(KTXL) — Thursday was the deadline for California counties to choose whether to opt-in to a 19-year-old law meant to save lives and get those with mental challenges the help they need.
Nearly 2 million Californians experience the kind of mental illness that substantially interferes with normal life activities.
Investigators found that one of those struggling with schizophrenia in Placer County back in 2002 killed Laura Wilcox and three other people at Nevada County’s public mental health clinic.
Following her death, Wilcox’s parents led the charge to pass a law allowing those in a current state of mental decline to be ordered into outpatient treatment by a court if a county implements the law.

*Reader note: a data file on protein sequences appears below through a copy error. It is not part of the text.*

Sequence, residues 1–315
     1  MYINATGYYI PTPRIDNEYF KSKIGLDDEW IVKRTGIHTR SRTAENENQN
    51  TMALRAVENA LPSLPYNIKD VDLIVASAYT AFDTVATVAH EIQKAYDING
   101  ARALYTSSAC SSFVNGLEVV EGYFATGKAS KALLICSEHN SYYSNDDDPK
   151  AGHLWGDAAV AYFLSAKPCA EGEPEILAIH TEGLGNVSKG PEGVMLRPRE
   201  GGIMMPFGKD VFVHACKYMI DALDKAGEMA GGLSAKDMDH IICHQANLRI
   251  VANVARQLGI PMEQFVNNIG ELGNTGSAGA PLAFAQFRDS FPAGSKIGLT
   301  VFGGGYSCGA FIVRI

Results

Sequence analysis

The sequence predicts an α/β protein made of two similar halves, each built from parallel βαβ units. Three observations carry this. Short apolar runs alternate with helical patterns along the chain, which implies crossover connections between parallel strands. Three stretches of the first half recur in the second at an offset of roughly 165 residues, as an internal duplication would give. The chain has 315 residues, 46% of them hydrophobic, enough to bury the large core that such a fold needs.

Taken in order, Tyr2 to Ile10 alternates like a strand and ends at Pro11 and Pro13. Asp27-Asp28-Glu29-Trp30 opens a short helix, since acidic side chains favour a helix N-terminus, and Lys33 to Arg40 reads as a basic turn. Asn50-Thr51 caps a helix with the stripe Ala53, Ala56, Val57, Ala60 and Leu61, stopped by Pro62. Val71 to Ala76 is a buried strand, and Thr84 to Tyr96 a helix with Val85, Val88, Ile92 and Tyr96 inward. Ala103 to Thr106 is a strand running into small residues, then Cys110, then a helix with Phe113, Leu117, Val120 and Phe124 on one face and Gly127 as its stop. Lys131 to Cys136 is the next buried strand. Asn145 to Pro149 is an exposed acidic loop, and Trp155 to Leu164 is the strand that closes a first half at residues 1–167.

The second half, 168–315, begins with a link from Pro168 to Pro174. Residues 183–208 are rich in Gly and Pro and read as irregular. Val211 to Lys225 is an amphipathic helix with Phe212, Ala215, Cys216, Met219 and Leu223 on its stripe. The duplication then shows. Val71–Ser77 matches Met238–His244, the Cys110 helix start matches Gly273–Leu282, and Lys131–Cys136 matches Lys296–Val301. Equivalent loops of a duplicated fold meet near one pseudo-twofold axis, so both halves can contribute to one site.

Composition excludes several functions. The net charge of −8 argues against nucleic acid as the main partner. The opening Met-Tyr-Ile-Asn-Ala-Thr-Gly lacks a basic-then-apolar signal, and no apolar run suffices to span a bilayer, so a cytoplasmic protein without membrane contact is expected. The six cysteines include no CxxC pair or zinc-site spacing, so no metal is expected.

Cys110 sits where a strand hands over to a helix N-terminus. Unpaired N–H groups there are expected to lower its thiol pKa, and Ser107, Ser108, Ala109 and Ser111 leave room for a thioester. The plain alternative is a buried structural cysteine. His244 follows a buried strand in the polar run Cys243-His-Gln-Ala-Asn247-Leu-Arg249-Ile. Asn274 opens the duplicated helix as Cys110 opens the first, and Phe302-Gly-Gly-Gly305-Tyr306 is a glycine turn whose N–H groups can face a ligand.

To qualify, someone must have been hospitalized or incarcerated several times in the last three years or have made threats or acts of violence within the last four years.
“And after Laura was killed, I realized that someone else’s mental health problem became my family’s problem, and how someone else, a person’s mental health problem became our community’s problem,” said Wilcox’s mother, Amanda.
FOX40 reached out to the State Department of Health Care Services, which provided a list of 31 counties that have opted into Laura’s Law. Supervisors in Sacramento County just made that move in May.
Some areas have also filed extensions.